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Knowledge, Power, and Salmon:
A Story of Nuu-chah-nulth Fishing Rights Assertion
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I conducted my dissertation research with the permission, guidance, and collaboration of Tla-o-qui-aht First Nations and Ha'oom Fishing Society. Tla-o-qui-aht have generously welcomed me into the Tla-o-qui-aht hahouthli (territory) and have shared traditional practices of governance and knowledge of rivers and salmon so that my research may in turn support their path to self-determination.
My dissertation research focuses on knowledge integration into salmon fishery governance on the west coast of Vancouver Island, B.C. (WCVI). Salmon is highly valued for cultural, environmental, economic, spiritual, and relational importance to multiple First Nation and Canadian stakeholders that hold different worldviews, beliefs, and knowledges. This presents a challenge in developing fishery management plans that adequately address stakeholder rights, knowledge, values while meeting fishery and conservation objectives. My research is guided by the following general questions:
i) How do governing bodies and user groups interact and make decisions regarding access and use of WCVI salmon fisheries?
ii) Within these interactions, how are scientific, local, and indigenous knowledges and values shared? Which are integrated into decision –making for salmon fishery management, and what is the effect?
iii) How is power exercised and redistributed in these interactions? In what ways are power and the integration of knowledge and value into policy in WCVI salmon fishery governance connected?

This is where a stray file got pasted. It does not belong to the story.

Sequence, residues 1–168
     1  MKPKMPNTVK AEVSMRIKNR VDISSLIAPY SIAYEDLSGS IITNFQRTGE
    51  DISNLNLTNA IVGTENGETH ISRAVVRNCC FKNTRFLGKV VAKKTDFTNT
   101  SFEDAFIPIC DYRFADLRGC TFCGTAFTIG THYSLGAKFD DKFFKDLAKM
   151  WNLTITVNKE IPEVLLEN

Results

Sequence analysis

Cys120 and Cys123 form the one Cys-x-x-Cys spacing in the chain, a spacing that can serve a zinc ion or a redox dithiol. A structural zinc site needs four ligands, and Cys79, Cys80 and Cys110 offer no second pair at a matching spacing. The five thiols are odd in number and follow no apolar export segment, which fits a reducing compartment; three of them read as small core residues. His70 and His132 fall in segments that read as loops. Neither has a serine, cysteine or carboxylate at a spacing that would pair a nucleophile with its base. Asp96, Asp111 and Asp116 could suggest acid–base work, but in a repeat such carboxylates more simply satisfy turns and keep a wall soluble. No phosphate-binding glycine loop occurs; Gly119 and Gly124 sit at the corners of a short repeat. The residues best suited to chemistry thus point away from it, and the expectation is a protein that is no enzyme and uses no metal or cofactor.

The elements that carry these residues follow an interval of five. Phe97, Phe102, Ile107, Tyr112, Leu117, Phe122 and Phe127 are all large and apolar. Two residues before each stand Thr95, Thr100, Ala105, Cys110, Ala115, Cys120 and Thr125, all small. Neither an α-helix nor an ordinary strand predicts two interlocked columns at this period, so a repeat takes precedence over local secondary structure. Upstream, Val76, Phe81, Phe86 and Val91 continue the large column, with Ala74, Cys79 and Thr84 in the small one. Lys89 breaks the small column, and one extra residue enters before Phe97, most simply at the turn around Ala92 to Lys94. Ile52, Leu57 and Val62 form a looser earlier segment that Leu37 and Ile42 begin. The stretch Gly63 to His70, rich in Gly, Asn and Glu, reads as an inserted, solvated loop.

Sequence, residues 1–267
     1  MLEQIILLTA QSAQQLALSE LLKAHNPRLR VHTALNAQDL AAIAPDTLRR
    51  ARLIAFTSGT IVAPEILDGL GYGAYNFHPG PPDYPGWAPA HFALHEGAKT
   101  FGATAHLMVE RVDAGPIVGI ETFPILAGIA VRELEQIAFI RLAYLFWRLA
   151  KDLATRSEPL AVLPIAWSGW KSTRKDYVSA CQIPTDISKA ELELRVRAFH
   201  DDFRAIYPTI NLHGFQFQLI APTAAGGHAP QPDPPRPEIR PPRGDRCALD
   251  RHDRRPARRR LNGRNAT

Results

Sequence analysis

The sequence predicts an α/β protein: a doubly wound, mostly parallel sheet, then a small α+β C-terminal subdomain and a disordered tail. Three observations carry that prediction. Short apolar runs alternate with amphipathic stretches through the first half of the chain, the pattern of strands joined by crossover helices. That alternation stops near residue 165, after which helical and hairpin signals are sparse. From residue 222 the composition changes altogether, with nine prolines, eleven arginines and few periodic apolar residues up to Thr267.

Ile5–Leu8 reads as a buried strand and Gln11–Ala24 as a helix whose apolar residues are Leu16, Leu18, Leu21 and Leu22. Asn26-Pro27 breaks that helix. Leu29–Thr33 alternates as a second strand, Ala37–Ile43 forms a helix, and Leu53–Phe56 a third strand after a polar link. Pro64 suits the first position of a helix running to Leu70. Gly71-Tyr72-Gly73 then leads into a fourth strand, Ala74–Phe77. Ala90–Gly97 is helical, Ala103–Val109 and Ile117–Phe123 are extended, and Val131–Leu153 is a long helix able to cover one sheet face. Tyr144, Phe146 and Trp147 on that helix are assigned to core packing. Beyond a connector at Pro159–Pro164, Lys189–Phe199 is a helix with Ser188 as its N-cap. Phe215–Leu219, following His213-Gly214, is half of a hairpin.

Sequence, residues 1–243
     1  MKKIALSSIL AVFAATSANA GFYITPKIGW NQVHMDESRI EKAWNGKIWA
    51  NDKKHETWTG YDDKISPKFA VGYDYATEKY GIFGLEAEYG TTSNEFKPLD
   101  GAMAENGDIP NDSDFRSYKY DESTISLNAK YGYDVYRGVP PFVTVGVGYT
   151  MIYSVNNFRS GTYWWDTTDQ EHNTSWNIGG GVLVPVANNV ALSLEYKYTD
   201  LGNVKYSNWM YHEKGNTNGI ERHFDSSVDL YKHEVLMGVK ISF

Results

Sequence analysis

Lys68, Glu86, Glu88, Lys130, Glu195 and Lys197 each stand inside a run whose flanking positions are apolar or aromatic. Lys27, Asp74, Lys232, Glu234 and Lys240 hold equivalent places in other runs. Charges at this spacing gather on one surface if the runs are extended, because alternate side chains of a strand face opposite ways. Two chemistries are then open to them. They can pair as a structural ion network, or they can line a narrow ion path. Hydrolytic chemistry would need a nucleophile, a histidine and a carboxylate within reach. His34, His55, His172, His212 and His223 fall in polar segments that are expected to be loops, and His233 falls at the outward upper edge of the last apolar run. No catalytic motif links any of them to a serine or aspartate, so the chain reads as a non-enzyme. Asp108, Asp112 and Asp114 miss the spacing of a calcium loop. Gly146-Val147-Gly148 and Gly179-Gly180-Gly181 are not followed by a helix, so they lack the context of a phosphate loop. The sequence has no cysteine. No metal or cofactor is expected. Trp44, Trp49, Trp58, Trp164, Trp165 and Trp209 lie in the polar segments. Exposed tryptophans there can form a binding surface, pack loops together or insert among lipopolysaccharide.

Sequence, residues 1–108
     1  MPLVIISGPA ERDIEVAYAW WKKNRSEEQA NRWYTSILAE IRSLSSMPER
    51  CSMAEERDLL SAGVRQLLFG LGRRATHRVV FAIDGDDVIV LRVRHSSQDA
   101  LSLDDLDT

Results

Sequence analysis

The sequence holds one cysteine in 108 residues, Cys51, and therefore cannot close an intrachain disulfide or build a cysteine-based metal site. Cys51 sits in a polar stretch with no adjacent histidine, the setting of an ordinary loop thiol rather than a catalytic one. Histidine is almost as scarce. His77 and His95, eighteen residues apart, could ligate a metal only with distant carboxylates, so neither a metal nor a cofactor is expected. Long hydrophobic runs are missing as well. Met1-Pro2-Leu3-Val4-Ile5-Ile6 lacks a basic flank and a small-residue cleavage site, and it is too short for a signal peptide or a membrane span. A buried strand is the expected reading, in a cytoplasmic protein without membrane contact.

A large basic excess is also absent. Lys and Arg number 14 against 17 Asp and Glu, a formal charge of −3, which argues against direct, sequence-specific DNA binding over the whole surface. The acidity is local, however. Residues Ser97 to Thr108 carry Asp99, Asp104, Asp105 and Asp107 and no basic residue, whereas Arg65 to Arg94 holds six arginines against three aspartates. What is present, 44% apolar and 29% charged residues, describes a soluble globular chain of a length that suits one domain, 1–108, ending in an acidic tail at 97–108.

These governance structures, relationships, and power dynamics are changing dramatically. Canada's supreme court recently recognized the commercial fishing rights of Tla-o-qui-aht and four other Nuu-chah-nulth First Nations and ordered Fisheries and Oceans Canada (DFO) to integrate these rights into their management practices. Ha'oom Fishing Society manages the demonstration for - sale fisheries for these five First Nations. Additionally, Bill C-68 mandates that DFO integrate local and indigenous knowledges into fishery management plans. The Nations each have their own governing body which includes management of traditional and home use fisheries. The Nations, DFO, Ha'oom Fishing Society, and other stakeholders are developing novel methods of knowledge mobilization as a means of affirming First Nations' agency, integrating indigenous rights and knowledge, and potentially shifting the fundamental structure of WCVI fishery governance. I am documenting these transitions and assessing the efficacy of indigenous knowledge integration in Canadian WCVI salmon fishery management.